Women compete for the privilege to feed him, comb his beard, and bear his children. He keeps records of every woman’s ovulation cycle, and a woman at the peak of her fertility has increased status. The women apparently look after each other in a tight-knit, closed circle, and they are not allowed to speak to strangers, to make independent purchases or to leave doors to their rooms closed because Ratzon may come in and out at will and search rooms at any time. Many women also work off the books as cleaners and day-care assistants, and all their earnings go to Ratzon, who also makes over 80,000 NIS (about $20,000) a year off of National Insurance payments. Some of the women were found to tattooed with Ratzon’s name or likeness.

In an interview in Friday’s Yediot Aharonot, Ratzon explains how he managed to entice women to stay, apparently without any physical coercion. “None of the women came against her will…. All the women, thank God, love each other, look after each other, complement each other, support each other, and encourage each other. I do, too. If I sleep with one, I won’t neglect the others. Other men don’t know how to be with two women at one time. I do. Like King Solomon.”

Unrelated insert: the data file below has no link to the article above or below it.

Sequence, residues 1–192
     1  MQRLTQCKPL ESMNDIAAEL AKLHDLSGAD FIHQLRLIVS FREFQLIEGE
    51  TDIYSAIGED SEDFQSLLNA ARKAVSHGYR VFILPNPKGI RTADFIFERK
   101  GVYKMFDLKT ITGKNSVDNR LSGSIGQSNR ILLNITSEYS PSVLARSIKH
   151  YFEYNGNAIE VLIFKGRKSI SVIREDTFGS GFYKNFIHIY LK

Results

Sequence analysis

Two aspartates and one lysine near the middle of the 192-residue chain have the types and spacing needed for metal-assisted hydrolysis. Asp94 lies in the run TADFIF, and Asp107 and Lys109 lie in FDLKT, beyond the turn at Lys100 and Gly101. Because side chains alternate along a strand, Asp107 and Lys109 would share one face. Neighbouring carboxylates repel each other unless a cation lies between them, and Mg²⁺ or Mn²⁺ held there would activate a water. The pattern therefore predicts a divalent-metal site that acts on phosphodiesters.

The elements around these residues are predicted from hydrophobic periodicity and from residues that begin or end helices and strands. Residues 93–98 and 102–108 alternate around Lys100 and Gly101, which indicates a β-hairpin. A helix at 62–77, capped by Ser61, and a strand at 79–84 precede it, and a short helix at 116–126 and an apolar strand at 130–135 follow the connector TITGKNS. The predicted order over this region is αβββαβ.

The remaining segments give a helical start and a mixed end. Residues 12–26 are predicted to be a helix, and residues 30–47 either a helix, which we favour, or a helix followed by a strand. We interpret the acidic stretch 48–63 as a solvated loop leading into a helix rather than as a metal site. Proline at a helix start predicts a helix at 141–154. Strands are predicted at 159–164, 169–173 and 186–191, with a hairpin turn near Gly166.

He is probably right that the women’s support network enticed women to come and stay. An expert on the case interviewed last week said that when Ratzon would bring women home, the fact that so many women were already there and seemed “happy” made a strong argument for them to stay. Combined with where the women came from —mostly broken homes with dysfunctional histories — made commune life very attractive. The truth is, though, throughout history, women living in enslavement have found happiness through the comfort of other women. It’s a model of female empowerment within conditions of oppression — and it’s a potent model.